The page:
A Myanmar junta commander has visited Bangladesh’s military chief General SM Shafiuddin Ahmed in Dhaka in an apparent attempt to improve relations and boost regional security.
The Bangladeshi defense ministry on Thursday night stated that the regime’s special operation commander, Lieutenant General Phone Myat, explained the situation in Myanmar and how the junta was trying to maintain law and order while working with friendly countries.
The statement said Ahmed discussed improving military relations, discussions between commanders and shared training exchanges.
He called for Myanmar to work with Bangladesh to ensure regional security and the rapid repatriation of the Rohingya community.
The junta’s delegation expressed interest in increasing friendship and solving problems bilaterally, the statement said.
The visitors also met Bangladesh’s chief of the general staff Lieutenant General Ataul Hakim Sarwar Hasan and discussed training exchanges and cooperation over professional development.
Myanmar junta had not commented on the visit as of Friday.
In September Ahmed said Bangladesh’s armed forces were ready to respond if Myanmar’s junta did not stop firing across the border in pursuit of the Arakan Army (AA).
He said he sent his counterpart in Myanmar a strong message complaining about shelling, shooting and jet and drone flights after a Rohingya refugee was killed and others injured by shelling in hilly Bandarban on the border.
The regime has been battling the AA near the Bangladesh border in northern Rakhine State.
Bangladesh has filed diplomatic complaints since August about fighter jet and drone flights over its territory and mortars and machine gun rounds landing across the border.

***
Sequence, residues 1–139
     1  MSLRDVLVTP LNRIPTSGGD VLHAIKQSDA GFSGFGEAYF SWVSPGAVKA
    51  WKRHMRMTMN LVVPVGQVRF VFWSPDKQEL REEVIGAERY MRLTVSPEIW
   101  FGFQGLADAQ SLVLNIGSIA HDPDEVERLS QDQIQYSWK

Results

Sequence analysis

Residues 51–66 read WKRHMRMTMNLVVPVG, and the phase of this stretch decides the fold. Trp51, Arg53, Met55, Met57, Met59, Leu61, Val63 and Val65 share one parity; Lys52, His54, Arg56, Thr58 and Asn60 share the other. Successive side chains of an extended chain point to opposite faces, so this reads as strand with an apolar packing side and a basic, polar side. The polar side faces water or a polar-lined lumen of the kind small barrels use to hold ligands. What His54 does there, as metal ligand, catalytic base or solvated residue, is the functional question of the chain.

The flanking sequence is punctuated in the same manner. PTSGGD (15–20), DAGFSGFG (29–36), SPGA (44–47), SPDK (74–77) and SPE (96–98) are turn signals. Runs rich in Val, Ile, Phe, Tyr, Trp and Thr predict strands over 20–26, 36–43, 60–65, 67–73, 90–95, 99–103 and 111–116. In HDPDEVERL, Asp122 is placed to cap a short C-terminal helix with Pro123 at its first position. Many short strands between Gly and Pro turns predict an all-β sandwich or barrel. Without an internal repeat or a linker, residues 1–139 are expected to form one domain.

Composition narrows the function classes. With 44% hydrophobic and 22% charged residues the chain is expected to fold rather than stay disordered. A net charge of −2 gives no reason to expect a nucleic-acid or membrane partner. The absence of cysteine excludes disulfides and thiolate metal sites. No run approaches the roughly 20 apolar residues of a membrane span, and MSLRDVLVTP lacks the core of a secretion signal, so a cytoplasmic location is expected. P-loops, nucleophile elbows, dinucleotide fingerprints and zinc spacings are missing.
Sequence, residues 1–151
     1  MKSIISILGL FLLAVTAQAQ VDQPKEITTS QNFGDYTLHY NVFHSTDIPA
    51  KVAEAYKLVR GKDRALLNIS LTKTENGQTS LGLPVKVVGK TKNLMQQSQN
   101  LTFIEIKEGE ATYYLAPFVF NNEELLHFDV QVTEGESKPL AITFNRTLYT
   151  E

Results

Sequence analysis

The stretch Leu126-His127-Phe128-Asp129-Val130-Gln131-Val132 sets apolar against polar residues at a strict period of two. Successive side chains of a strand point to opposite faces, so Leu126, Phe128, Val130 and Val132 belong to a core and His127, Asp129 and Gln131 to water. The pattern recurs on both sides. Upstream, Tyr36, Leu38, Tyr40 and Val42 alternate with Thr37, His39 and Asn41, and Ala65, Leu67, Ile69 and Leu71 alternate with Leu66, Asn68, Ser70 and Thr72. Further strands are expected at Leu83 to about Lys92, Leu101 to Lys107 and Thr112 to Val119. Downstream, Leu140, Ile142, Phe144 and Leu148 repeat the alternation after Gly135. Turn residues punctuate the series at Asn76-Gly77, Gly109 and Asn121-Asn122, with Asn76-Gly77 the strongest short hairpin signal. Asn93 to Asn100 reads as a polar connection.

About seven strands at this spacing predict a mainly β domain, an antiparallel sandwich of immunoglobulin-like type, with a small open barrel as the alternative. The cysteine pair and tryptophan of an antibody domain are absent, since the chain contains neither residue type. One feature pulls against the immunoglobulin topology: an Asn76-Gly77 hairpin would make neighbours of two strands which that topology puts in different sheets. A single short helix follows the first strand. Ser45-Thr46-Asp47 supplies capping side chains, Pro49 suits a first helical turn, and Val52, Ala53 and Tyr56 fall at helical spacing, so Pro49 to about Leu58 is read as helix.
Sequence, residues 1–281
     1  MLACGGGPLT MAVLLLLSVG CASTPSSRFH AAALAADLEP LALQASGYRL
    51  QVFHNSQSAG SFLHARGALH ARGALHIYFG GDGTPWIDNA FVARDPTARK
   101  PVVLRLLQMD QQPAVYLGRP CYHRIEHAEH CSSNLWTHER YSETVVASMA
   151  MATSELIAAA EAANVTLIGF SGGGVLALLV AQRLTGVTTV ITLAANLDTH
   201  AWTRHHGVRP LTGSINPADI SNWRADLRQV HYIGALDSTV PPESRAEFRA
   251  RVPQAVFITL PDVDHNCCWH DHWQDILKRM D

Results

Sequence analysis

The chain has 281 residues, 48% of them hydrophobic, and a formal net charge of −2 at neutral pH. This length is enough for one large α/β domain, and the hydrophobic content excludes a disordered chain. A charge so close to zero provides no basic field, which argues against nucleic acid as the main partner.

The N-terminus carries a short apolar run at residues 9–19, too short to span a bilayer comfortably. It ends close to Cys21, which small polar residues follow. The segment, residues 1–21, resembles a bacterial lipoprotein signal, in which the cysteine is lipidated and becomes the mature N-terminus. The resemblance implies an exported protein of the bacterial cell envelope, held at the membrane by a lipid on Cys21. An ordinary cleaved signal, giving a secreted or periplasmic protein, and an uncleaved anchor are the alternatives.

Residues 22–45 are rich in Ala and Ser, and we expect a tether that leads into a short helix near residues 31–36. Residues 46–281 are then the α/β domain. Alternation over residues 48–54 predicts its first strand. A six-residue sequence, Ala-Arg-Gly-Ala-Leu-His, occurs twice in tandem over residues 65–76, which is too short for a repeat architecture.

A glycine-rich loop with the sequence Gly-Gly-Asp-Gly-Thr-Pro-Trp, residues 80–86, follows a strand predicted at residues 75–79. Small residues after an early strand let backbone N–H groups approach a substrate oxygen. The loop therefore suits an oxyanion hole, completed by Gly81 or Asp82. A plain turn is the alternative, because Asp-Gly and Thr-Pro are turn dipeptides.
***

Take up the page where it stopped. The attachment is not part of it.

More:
On September 16, at least three mortar shells were fired into Bangladesh, killing Mohammad Ikbal, 17, and injuring six others.
Dhaka deployed the Border Guard Bangladesh and Coastguard along the border in response.
The junta’s visit was well-received in Bangladesh.
Retired Major General Shahidul Haque, who had served as defense attache in the Bangladesh embassy in Myanmar, told The Irrawaddy: “It’s a positive development. Bangladesh should not opt for the policy of disengagement with Myanmar.”
He said Myanmar’s military was “very intelligent” and understood the importance of a warm welcome from Bangladesh’s military.
“We must engage with Myanmar and should invite the leadership more often,” the former general said.
Phone Myat currently runs the junta’s Office of the Commander-in-Chief and was deputy minister at the military-controlled Border Affairs Ministry in 2020-21 and chief of the Western Command in 2019-20 and Northeastern Command in 2017-18.
Aung Kyaw Moe, an advisor at the Human Rights Ministry of the civilian National Unity Government, told The Irrawaddy: “Bangladesh has a well-respected military and it is one of the largest contributors of UN peacekeeping troops. Shaking the hands of Myanmar’s regime after the Rohingya genocide, continued war crimes and crimes against humanity against its own people is pretty shameful.”
John Quinley, a human rights specialist at Fortify Rights, said: “It is shameful that the Bangladesh military met with the Myanmar military, including Lt Gen Phone Myat.
“The Myanmar junta is responsible for crimes against humanity, war crimes and genocide.
“Bangladesh hosts more than 1 million Rohingya refugees and under the current conditions in Myanmar repatriation is not possible. The Rohingya in Rakhine State face ongoing persecution and genocide by attrition.
“Governments worldwide should support Bangladesh to protect refugees, education and livelihoods as well as third-country resettlement.
“The Myanmar junta must be stopped. Instead of a photo opp with junta officials, Bangladesh should support the National Unity Government and those resisting the illegal regime.”